There's an Art to It!


The  Art  of  Playing  Cards

Next to the game of Bridge, all other forms of human endeavour shrink to insignificance.

- General George S Patton

Playing cards have the top half upside down to help cheaters.

- David Byrne, Talking Heads

In the modern pack of playing cards, there are four suits of 13 cards each; clubs and spades are printed black; hearts and diamonds, red.  It is supposed that the figures in the various suits were originally intended as symbols of the different classes of men.  Hearts represented the gens de ch├Žur, that is, the ecclesiastics, or choir men; espada, a Spanish word for sword and indicating nobility, has become spade.  Clubs represented the trefoil and symbolised the peasantry, while diamonds represented square tiles, symbolical of the merchants.  This symbolism is lost today as it's no longer relevant.

You are prohibited by law from taking more than one set of playing cards into Turkey when visiting.

- Originally at, though
they have now removed this page from the site

I'm sorry I have not learnt to play cards.  It is very useful in life; it generates kindness and consolidates society.

- James Boswell, 1773

How to Win at Poker - You are the dealer.  You know that the top five cards are the ace, king, queen, jack and ten of spades.  If you are playing poker with three other people, how can you deal these cards to yourself?  The most elegant way is to do two perfect shuffles...
How to Lose at Poker - On any given Friday night men and women alike pile into basements, garages, and back rooms to play their weekly poker game.  At every table will be someone who talks too much, can't seem to deal the cards properly, always spills food on the felt - and a dependable loser: that poor slob who, for the life of him, can't seem to capitalise on his strong hands and fools no one with his weak hands...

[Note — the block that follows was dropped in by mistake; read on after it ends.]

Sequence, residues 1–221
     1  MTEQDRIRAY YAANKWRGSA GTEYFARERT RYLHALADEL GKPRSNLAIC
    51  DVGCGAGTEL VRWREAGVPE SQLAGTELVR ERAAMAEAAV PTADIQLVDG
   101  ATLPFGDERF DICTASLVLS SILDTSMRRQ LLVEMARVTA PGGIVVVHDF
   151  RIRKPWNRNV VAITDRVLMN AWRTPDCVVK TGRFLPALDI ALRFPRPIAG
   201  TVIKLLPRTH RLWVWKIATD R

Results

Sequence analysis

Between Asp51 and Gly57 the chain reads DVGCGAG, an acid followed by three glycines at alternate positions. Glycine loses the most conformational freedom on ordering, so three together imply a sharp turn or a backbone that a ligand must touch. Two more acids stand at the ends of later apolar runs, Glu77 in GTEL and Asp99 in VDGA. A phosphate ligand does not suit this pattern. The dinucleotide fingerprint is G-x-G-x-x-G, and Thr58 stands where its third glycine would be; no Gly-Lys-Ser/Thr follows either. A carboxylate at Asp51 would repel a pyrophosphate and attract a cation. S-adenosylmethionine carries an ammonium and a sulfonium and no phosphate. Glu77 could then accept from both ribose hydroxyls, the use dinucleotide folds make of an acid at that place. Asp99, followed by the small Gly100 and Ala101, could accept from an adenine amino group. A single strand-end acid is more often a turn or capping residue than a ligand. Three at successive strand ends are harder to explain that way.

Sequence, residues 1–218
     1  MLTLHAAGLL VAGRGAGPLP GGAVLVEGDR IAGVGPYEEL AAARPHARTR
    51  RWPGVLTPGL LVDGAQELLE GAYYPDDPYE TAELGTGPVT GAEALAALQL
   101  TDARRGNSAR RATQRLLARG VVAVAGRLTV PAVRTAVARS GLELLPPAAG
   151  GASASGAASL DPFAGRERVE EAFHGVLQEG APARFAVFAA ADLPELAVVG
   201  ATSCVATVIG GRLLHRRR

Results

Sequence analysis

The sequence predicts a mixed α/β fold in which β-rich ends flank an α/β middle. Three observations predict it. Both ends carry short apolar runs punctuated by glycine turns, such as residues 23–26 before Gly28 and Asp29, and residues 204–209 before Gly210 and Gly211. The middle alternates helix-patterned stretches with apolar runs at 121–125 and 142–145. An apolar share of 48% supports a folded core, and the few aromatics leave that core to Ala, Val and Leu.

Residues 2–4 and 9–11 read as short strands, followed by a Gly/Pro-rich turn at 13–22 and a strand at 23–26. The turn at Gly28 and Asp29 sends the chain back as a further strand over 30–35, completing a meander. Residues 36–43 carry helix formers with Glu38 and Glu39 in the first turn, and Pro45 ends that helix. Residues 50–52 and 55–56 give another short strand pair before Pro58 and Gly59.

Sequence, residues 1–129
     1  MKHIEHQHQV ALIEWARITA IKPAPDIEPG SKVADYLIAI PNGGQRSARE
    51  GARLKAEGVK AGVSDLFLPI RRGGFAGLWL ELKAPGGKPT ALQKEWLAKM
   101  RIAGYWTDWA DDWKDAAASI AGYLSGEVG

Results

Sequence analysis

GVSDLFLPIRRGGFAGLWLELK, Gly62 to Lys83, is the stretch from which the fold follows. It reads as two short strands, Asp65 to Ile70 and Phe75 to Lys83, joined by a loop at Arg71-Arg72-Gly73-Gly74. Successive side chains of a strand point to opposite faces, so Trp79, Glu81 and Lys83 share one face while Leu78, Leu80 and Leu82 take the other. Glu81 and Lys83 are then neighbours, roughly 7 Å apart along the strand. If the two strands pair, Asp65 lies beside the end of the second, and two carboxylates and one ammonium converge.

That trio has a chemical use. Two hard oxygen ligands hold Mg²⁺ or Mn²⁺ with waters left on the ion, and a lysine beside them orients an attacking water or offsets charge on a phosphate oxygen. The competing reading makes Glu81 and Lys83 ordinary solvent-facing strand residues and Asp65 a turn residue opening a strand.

When Scrabble Becomes Your Life - Okay, I know this doesn't have anything to do with playing cards, but it IS about a game... (Flash plugin required) 11 meg
Lady Luck's Deep Dark Secret - which of two dice games has the better odds: rolling a single die four times and winning if a one comes up on any of the rolls, or rolling a pair of dice 24 times and winning if two ones come up simultaneously?  If you think the probabilities of a win in either game ought to be equal, you're wrong...
I bought a curious deck of playing cards in the US more than 15 years ago.  We've tried playing various card games with it but find using the cards to actually play games to be virtually impossible.  That's because a few of the cards are ambiguous - it isn't clear from a casual glance exactly which card you have as some of the cards require puzzling out.  (This adds a layer of complexity to even the simplest games.)

Click on an image below...

...for a larger picture and for information about the artists, who are all British.  (You can click on the first card and navigate through the rest by clicking "Next" at the bottom of each page if you'd like to see them all.)  These cards were developed without collaboration, yet notice the similarity between the ace and three of hearts, the six and eight of hearts, the ace and nine of diamonds, the eight and ten of diamonds, and (more-or-less) the two and ten of spades.

All face cards except the King of Clubs and Jack of Spades plus the 7 of Hearts, the 3 and 10 of Clubs, the 4 and 8 of Diamonds, the Ace, 2 and 3 of Spades and the Jokers display unusual cards from other decks as well.

Source: Andrew Jones Art, 2A Weiss Road, London SW15 1DH (at least that was the address in 1979...)

Miscellaneous Additions from Various Other Decks...

These cards are found at the bottoms of pages above to which they correspond.  Click to view a larger image.

Sources: Various places which are stated on each card's corresponding page

For sections on other topics including ageing, animals, animation, drugs, education, environment, flying, humour, immigration, investment in forestry, intellectual amusements, men, money, New Jersey, oddities, photographs, playing cards, prisons, relationships, science, terrorism, Wellington, working, and more click the "Up" button below to take you to the Topics Index.  Clicking "Next" below will take you to the section on Drugs

Back Home Up Next